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The Geological Society supports Glastonbury’s brand new ‘Science Futures’ area

Over 200,000 festivalgoers can learn about climate change, space travel, plant power and much more in the newest addition to Glastonbury’s science line up thanks to support from the Geological Society and Responsible Raw Materials.

Energy: the sun on your skin; the thrum of the bass; the wind in your hair. Our ability to harness energy has driven civilisation and technology to incredible advances and discoveries, but at what cost to the planet?

Join The Geological Society and Responsible Raw Materials to explore the future of energy through stunning minerals, ores and crystals helping us to harness solar, wind and natural heat for a sustainable future. Crystals aren't just for aligning your chakras!

Visit the Futurarium from Wednesday 22 June to Sunday 26 June to explore the sustainability of renewable energy and other technologies with our friendly team

Full press release: Science Futures to make Glastonbury debut · GreenFutures

Festivalgoers can learn about climate change, space travel, plant power and much more at Glastonbury’s new Science Futures area.

Based in the Green Futures Field, Science Futures promises games, music, discussions and demonstrations.

Visitors can talk face-to-face with approachable scientists working on some of the world’s most critical problems and exciting innovations.

Science Futures offers a counter-balance to the misuse of science on social media, political spin and fake news.

Performances will take place on stage at the Laboratory, while the Futurarium will host numerous stands and exhibits.

Arctic Basecamp, Sex & Bugs & Rock ‘n Roll and the Plant Power Station are among a host of stalls to visit.

The Sound Canopy will take visitors on an audio journey from deep underground to outer space, while an outdoor exhibition called Science, Not Fiction will explore art’s role in science and science’s role in art.

“Science Futures is all about sharing the curiosity and fascination of scientific discovery,” said Science Futures coordinator Dr Emma Sayer, from Lancaster University.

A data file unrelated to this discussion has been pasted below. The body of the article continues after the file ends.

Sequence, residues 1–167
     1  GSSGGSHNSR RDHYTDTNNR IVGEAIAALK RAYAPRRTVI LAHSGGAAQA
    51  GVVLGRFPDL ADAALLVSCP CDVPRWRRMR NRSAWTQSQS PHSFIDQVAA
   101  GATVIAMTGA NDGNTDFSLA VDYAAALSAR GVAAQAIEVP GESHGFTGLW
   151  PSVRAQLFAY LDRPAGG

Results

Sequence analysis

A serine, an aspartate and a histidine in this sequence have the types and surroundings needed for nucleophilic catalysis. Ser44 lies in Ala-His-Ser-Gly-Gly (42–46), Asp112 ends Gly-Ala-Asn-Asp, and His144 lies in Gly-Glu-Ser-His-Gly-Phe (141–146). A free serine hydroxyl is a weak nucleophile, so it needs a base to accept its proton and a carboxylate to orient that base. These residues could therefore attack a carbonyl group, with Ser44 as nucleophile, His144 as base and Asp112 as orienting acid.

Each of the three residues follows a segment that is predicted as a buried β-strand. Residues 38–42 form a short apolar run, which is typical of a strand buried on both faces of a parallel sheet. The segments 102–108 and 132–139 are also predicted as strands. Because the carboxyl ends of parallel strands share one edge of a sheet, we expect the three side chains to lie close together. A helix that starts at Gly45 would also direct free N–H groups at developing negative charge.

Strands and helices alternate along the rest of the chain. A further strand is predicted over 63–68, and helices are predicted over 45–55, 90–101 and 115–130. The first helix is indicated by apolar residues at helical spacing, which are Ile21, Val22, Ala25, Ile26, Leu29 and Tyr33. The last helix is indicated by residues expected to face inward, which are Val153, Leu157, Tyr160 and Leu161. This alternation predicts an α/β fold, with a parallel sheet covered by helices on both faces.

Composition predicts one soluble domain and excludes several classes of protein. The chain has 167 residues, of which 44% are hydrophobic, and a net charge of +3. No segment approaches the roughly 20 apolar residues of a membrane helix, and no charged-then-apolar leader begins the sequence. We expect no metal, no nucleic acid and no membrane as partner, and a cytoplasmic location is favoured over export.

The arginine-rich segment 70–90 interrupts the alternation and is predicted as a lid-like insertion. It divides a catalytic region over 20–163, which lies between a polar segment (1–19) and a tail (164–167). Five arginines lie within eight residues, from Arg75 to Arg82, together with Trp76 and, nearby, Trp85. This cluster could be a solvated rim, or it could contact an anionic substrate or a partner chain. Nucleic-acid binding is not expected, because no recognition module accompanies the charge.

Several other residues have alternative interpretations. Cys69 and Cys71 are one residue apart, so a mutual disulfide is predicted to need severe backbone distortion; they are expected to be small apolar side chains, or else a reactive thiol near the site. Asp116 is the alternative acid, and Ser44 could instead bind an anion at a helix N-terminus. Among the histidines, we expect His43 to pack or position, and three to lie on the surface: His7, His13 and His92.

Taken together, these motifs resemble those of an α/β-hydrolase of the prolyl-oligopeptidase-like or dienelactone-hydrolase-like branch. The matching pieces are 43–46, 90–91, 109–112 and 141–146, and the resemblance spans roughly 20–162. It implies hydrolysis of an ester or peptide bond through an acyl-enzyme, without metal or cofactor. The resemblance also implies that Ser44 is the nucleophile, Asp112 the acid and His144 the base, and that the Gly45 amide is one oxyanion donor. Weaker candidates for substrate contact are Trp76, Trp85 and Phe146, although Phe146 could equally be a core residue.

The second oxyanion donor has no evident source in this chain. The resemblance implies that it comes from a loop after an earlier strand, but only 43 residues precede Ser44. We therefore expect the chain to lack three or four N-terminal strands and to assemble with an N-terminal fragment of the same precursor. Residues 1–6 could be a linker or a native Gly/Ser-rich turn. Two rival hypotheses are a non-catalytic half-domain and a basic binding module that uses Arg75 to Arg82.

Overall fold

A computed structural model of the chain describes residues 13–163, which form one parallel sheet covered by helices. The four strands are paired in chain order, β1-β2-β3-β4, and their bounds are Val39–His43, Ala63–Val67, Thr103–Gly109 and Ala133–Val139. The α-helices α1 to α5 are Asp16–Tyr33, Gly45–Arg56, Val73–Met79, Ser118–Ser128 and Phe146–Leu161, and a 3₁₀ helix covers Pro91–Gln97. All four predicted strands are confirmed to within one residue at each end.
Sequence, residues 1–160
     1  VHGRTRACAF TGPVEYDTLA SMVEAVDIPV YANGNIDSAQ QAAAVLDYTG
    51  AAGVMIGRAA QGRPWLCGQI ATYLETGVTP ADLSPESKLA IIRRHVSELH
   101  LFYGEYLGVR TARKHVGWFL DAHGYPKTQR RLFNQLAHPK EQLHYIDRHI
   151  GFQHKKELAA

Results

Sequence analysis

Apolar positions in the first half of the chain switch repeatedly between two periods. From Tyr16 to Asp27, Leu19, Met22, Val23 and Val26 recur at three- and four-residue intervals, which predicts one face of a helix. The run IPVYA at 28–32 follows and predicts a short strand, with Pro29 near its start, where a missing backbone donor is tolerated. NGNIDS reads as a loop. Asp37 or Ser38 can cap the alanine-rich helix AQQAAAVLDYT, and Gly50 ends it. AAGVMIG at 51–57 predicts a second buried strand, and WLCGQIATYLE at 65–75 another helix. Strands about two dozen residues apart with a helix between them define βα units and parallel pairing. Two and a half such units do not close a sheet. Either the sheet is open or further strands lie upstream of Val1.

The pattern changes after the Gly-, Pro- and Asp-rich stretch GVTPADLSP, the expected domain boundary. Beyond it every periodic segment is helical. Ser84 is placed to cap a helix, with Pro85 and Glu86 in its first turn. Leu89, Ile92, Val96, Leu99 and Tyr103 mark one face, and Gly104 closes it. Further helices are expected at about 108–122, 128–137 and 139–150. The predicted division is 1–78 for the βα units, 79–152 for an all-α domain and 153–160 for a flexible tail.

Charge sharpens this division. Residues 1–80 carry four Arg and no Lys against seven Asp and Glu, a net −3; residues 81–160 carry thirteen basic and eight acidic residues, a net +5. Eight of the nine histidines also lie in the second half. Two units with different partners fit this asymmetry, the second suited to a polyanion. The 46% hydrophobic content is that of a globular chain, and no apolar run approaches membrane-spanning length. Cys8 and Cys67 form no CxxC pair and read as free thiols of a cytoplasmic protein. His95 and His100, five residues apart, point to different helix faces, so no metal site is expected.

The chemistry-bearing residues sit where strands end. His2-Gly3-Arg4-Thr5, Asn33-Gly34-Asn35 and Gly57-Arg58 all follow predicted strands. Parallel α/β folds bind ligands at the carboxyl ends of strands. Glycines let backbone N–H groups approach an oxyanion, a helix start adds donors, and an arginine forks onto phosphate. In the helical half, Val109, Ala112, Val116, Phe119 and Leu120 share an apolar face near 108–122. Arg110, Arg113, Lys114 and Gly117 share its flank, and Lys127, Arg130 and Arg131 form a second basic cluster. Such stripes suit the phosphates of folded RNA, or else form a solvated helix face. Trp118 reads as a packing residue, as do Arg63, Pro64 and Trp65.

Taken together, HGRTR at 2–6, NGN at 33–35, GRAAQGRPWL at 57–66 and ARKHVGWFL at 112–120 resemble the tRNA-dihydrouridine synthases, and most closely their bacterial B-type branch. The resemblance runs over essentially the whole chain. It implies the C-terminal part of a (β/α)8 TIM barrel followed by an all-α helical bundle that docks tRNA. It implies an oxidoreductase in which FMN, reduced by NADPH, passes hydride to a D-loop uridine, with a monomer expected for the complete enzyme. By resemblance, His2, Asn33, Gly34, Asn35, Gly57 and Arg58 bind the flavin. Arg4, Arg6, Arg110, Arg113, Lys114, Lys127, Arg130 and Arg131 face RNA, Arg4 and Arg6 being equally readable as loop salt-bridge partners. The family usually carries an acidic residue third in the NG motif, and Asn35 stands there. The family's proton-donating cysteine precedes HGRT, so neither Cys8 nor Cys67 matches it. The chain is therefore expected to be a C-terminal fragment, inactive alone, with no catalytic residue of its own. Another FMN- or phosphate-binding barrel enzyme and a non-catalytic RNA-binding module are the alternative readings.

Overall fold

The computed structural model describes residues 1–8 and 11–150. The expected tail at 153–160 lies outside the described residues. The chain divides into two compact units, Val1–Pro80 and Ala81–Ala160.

“Lots of people see science as technical and complicated but we’re showing that it can be accessible and a lot of fun.

“Science Futures is science, Glasto-style.”

Science Futures is supported by the University of Exeter, Lancaster University, the Durrell Institute of Conservation and Ecology (University of Kent), Wytham Woods (University of Oxford) and the Geological Society.

Professor Richard Betts MBE, of the University of Exeter and the Met Office Hadley Centre, said: “Events like Glastonbury bring a diverse range of people together, allowing them to speak face-to-face about important issues such as climate change.

“We’ve found that a lot of people welcome the opportunity to find out more about what they’ve heard on the news and social media.”

Richard, a Lead Author with the Intergovernmental Panel on Climate Change (IPCC), added: “I’m really looking forward to chatting with people, answering their questions and hearing their views.”

Professor Gail Whiteman, of the University of Exeter Business School and founder of Arctic Basecamp, said: “We all want a green future, but that means facing the reality of an Arctic that is warming three times faster than the rest of the planet.

“What happens in the Arctic doesn’t stay there. That’s why we’ve brought a real Arctic Basecamp to Glastonbury.

“By sharing our knowledge and passion for climate action, we hope to inspire and be inspired by this unique audience.”

Shows on the Laboratory stage will include:

  • The Matt Palmer Band 
  • Do Science with Ian Dunne
  • Biodiversity Blockbusters
  • Rocket Science Demos
  • Tenable by Tony
  • Soapbox shorts
  • The Great Ape Challenge
  • Ask A Scientist Q&A
  • Open Mic
  • Live interviews

Stalls at Science Futures will include:

  • Arctic Basecamp is a team of Arctic experts and scientists who, for the last five years, have brought the Arctic to the World Economic Forum (WEF) annual meeting at Davos. They are calling for action from global leaders to address global risks from Arctic change.
  • Sex & Bugs & Rock ‘n Roll’s enthusiastic researchers want to share their fascination for the natural world and make science accessible to everyone. They love music and think scientists should be more approachable – so where better to have a bit of fun with science than at Glastonbury?
  • The Plant Power Station (funded by the BBSRC South West Bio Doctoral Training Programme, SWBio DTP) brings the science of sustainable agriculture to life, entertaining and engaging festivalgoers of all ages. In a beautiful marquee, welcoming scientists will lead visitors through a series of games and activities tackling important issues like pollination, pest management, carbon footprints, organic farming, GM crops and food sourcing.
  • Waves of Change (University of Bristol) are a group of anthropologists, climate scientists and artists co-producing animated films with young people to imagine positive futures and spread climate hope. They will be making animations in their tent and building a sculpture with the public on the theme of climate hope – which they’ll then turn into an animated film!
For the full line-up – and exciting announcements as the festival approaches – visit: